If the Hybrid Christ is defined as the One who is simultaneously both human and
divine, then sin — as what opposes the Hybrid Christ — is singularity, or the failure to
recognize the reality of existing in multiple worlds. For example, sin is failing to
recognize the complex reality of multiple identities within a single person, which in turn
silences the experiences of those individuals who exist at the intersections of race,
gender, sexual orientation, age, and other categories. As postcolonial theorists have
pointed out, this kind of singularity (for example, defining the “gay” community solely in
terms of sexual orientation and not taking into account race) results in the creation of a
number of “others” who are never fully part of the larger community and thus feel like
perpetual outsiders (for example, LGBT people of color).
Read the whole essay here.
Other notable writings on Cheng’s website include “Kuan Yin: Mirror of the Queer Asian Christ” and the Huffington Post article “‘Love the Sinner, Hate the Sin’ and Other Modern-Day Heresies”. An excerpt from the latter follows:
…I contend that people who advocate “love the sinner, hate the sin” with respect to LGBT people are actually the ones who are the modern-day heretics. In my view, these people are nothing more than contemporary versions of the gnostics who were condemned by the early Church. The gnostics, strongly influenced by Platonic philosophy, believed in a dualism of the spirit and flesh. That is, spirit was good, whereas flesh (indeed, all matter) was evil. For example, the heretical religious thinker Marcion (d. 160 C.E.) believed that the God of the Hebrew Scriptures was in fact evil because that “god” had engaged in the “evil” act of creation! (Even the great theologian Augustine of Hippo was a Manichaean dualist before his conversion to Christianity, and in some ways he never entirely gave up that world view. See, e.g., De Civitate Dei at 14.6.)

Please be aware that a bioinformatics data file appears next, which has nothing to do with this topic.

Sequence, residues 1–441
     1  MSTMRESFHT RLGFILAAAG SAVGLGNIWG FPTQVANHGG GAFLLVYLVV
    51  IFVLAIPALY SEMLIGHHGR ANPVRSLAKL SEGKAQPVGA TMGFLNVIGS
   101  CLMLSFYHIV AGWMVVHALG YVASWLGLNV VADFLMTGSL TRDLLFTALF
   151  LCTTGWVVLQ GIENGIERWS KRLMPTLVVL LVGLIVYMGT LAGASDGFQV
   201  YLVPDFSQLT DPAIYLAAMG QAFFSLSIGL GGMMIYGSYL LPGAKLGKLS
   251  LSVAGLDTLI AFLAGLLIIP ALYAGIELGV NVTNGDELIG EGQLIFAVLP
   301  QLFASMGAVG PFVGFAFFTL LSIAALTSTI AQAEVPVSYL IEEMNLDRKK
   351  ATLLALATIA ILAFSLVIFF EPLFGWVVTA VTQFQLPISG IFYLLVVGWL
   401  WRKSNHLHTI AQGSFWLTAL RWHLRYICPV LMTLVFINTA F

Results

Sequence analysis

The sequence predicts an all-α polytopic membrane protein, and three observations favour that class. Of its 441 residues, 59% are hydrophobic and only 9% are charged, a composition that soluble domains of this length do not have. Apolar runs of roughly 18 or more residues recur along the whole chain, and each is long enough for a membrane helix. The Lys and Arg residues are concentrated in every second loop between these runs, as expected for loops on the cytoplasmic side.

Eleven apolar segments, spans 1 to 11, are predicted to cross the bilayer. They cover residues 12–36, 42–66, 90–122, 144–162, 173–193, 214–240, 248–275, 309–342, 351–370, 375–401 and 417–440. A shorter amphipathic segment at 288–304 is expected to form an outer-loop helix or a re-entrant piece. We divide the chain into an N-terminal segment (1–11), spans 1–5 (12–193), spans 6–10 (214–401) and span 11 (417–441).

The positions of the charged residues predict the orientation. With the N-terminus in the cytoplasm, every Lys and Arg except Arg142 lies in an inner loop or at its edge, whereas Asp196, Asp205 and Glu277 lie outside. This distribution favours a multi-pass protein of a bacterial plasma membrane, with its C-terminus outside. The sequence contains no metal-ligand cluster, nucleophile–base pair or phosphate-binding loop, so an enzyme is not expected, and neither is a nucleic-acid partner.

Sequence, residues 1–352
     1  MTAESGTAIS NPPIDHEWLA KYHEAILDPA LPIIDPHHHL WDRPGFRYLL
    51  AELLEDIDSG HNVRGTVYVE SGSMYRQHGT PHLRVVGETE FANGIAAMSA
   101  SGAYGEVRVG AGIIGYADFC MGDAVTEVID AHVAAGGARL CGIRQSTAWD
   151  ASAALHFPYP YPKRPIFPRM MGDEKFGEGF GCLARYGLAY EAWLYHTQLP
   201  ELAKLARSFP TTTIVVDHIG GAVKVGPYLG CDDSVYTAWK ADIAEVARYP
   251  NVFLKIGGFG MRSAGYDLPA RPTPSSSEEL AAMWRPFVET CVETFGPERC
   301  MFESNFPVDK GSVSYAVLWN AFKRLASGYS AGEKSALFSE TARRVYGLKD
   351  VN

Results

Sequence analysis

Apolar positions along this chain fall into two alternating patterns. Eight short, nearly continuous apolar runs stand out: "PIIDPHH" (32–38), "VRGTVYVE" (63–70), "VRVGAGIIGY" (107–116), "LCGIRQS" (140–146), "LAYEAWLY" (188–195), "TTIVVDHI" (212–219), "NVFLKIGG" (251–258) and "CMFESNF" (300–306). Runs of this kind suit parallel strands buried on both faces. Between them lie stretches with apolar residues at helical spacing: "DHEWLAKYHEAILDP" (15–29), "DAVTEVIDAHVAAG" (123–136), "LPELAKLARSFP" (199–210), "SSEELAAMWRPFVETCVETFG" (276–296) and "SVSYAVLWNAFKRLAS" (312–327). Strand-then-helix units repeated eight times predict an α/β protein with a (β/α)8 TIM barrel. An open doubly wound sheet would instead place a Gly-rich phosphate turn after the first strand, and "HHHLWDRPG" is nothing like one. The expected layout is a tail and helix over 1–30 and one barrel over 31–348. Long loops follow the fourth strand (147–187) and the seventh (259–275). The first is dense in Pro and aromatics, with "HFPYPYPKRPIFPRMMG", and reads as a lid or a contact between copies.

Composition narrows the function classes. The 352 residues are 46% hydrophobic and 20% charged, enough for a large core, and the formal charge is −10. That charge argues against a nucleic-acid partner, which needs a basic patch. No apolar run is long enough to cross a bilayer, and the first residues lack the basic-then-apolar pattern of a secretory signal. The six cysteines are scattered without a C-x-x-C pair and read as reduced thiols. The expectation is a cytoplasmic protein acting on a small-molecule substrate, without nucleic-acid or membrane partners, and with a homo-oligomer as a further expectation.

Traditional Christian theology, going at least as far back as Irenaeus in the second century C.E., has condemned such dualism because orthodox doctrine understands creation to be good and that God has created humanity in God’s own image and likeness. This is why we profess in the Nicene Creed that we believe in “one God” who is the creator of “all that is seen and unseen,” including the gift of human sexuality in all of its forms. And that is why the central revelation of Christianity involves the incarnation, or the goodness of the Word made flesh. Indeed, of all the possible ways of reconciling Godself to us, God chose to take on the form of human flesh. To paraphrase the Eastern Orthodox concept of divinization, God became human so that humans could become divine.
As such, I believe those Christians who “hate” LGBT sexualities and gender expressions while allegedly “loving” LGBT people are nothing more than modern-day gnostics. It is simply not possible to divorce one’s sexuality or gender expression — LGBT or otherwise — from one’s spiritual self, particularly if such sexualities and gender expressions are rooted in the love of God, the love of the other, and the love of the self.
This is why I still care about traditional Christology. It’s a justice issue. The liberal image of Jesus as a merely human role model still leaves in place the most fundamental dualism, the gap between God and man. Then we have nothing left to do but choose sides. Liberals choose compassion for neighbor while conservatives choose obedience to God. Neither rubric is adequate to deal with Othering, “the root cause of sin” (to quote Richard Beck’s post again).
In Jesus, as traditionally understood, God and neighbor are one.